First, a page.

This month, we mark American Diabetes Awareness Month. And it’s more important than ever that we do so. In tandem with the rise of an obesity epidemic and the general aging of our population, the incidence rate of diabetes in the United States has risen nearly six-fold since 1960.
Most of that rise has taken place within just the past 20 years. The percentage of Americans with diagnosed diabetes (marked by chronically high blood glucose levels and an insulin insufficiency) has more than doubled since 1996, per a paper published earlier this year by the Centers for Disease Control and Prevention (CDC).
Exercise and dietary moderation the best methods for ensuring you’ll live well into the future.
Although some of that may be attributable to more effective screening methods doing a better job of identifying diabetes in patients, most health experts agree that increasingly sedentary lifestyles and poor diet choices are largely to blame for the diabetes trend.
According to the Washington Post, if the current trend holds, more than one in three Americans may have diabetes by 2050. That’s an astoundingly alarming projection.
Diabetes in and of itself is the seventh leading cause of death in the United States and is associated with increased risks of heart attacks, strokes, high blood pressure, kidney failure and other serious conditions.
Cincinnati lies along the edge of the “Diabetes Belt”
Seniors in the South and Midwest — including the Cincinnati area — are more likely to develop diabetes than seniors elsewhere in America.
Indeed, the CDC has identified a “Diabetes Belt” that runs roughly from East Texas northeast to Pennsylvania, along the Appalachian Mountains, and which includes the Southeastern coastal states.
The reasons for diabetes’ concentration in those areas are fairly tangled. Lower overall educational levels, higher poverty rates and unhealthy traditional regional diets among the populaces of Diabetes Belt counties all likely contribute to higher diabetes rates therein.
Poorer, less-educated people tend to rely on cheaper, processed foods for much of their dietary intake. They’re more likely to work more than one job to make ends meet and have less time to prepare healthy food on their own. Moreover, Southern and Midwestern cuisine tends to be heavy on fried foods and fatty meats.
Perhaps most importantly, though, people in the Diabetes Belt tend to live in rural areas where they have less ready access to affordable, preventative medical care.
Lower your diabetes risks by making simple lifestyle choices
Here in Cincinnati, there are plenty of resources for diabetes screening and management. But seniors who make healthier lifestyle decisions can lower the risk of developing Type II (adult onset) diabetes:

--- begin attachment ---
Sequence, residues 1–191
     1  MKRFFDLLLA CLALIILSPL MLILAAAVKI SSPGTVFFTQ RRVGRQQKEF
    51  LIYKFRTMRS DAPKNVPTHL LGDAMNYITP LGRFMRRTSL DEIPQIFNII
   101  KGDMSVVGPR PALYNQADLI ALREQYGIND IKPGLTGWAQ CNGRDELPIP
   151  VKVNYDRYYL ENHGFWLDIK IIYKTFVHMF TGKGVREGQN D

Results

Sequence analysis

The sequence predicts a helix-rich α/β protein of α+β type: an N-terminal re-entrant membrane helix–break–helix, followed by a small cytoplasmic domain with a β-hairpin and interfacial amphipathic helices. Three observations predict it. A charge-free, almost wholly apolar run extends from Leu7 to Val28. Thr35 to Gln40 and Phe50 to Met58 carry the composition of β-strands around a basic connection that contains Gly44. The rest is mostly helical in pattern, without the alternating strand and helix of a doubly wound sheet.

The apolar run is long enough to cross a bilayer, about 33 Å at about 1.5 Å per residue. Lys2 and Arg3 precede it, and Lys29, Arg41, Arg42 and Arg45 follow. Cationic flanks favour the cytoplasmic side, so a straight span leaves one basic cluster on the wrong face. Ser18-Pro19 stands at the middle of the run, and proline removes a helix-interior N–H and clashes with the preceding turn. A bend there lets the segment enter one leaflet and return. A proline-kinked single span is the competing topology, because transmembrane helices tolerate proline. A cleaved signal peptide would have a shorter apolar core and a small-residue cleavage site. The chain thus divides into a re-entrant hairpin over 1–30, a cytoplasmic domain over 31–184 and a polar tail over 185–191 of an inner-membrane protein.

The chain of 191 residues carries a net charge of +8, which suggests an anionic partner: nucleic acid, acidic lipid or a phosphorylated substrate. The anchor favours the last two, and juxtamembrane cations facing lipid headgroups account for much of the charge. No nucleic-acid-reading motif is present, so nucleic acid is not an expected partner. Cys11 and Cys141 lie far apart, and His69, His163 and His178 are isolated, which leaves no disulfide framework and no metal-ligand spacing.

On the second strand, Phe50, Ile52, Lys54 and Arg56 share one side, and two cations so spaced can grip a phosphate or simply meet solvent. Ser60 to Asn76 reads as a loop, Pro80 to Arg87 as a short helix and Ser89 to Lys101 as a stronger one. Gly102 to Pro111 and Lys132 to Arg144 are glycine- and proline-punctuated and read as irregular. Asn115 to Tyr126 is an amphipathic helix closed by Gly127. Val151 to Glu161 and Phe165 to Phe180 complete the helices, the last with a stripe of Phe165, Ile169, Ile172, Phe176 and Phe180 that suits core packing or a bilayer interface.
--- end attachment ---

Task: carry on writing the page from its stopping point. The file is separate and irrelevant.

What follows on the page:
Maintaining a healthy body weight dramatically reduces your risk of developing Type II diabetes. Even small weight losses are beneficial.
2. Cut out highly processed foods and sugary drinks.
Shifting your diet away from one that is mostly carb-based toward one that is heavier on lean proteins, fresh fruits and vegetables and low-sugar beverages can help you manage your weight and reduce your average blood glucose level.
3. Exercise daily.
Moderate physical activity can help you maintain a healthier body weight and help your body to better regulate its serum glucose level.
4. Drink more water, eat more fiber.
Water and fiber both help you to maintain a “full” feeling in your stomach, so you’ll be less likely to overeat. There is also strong evidence that maintaining proper hydration and eating a low-sugar, fiber-rich diet can help your body to better regulate its blood glucose level.
5. Cut down on your alcohol consumption.
Alcoholic beverages are carb-heavy and consuming them can spike your blood sugar. Drinking causes many people to experience “the munchies,” so it can promote overeating. And heavy drinking damages the pancreas, which produces the insulin your body needs to regulate blood sugar.
6. Have your A1C levels checked yearly.
You should already have a primary care physician (PCP) to manage your care (if you don’t, you need one, stat!). Seeing your PCP for regularly scheduled checkups and allowing him or her to draw blood to check your A1C level (a measure of your body’s insulin resistance) can provide more warning time for you and allow you to take pre-emptive diabetes management steps if things are trending in the wrong direction.
This American Diabetes Awareness Month, take steps to reduce your risk!
Diabetes is a deadly disease. But it’s often preventable. Use the tips above to make healthy lifestyle changes and lessen your risk.